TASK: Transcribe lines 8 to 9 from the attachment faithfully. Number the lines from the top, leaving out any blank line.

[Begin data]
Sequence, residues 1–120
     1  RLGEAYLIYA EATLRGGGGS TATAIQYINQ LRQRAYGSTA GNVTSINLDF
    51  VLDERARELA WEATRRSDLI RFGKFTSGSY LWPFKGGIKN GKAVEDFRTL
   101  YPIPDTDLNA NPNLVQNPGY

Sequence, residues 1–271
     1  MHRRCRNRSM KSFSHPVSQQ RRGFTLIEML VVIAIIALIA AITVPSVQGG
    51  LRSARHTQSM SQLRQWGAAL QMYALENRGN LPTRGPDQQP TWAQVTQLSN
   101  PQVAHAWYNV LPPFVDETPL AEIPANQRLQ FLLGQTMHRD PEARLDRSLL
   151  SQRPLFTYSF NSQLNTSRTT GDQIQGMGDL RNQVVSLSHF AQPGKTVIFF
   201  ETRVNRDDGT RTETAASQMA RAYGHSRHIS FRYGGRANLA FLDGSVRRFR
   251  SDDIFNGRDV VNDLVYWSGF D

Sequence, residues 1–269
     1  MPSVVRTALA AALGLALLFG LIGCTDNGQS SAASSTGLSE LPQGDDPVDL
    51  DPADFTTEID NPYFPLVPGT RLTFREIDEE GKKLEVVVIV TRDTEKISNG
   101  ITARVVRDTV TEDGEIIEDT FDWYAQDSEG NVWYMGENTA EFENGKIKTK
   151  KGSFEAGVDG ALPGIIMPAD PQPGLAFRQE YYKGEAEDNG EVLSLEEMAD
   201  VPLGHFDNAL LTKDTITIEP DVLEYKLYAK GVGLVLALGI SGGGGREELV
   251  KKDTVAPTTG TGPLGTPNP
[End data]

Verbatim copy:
   101  PQVAHAWYNV LPPFVDETPL AEIPANQRLQ FLLGQTMHRD PEARLDRSLL
   151  SQRPLFTYSF NSQLNTSRTT GDQIQGMGDL RNQVVSLSHF AQPGKTVIFF